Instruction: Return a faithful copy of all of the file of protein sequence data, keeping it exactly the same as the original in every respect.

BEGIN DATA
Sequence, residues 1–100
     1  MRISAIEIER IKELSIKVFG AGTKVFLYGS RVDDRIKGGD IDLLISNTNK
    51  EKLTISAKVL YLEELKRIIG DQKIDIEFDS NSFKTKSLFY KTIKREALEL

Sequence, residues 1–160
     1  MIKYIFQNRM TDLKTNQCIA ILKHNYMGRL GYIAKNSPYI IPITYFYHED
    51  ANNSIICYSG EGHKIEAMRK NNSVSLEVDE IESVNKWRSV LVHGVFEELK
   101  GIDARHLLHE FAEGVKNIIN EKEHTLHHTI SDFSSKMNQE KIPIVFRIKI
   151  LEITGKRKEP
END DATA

Sequence, residues 1–100
     1  MRISAIEIER IKELSIKVFG AGTKVFLYGS RVDDRIKGGD IDLLISNTNK
    51  EKLTISAKVL YLEELKRIIG DQKIDIEFDS NSFKTKSLFY KTIKREALEL

Sequence, residues 1–160
     1  MIKYIFQNRM TDLKTNQCIA ILKHNYMGRL GYIAKNSPYI IPITYFYHED
    51  ANNSIICYSG EGHKIEAMRK NNSVSLEVDE IESVNKWRSV LVHGVFEELK
   101  GIDARHLLHE FAEGVKNIIN EKEHTLHHTI SDFSSKMNQE KIPIVFRIKI
   151  LEITGKRKEP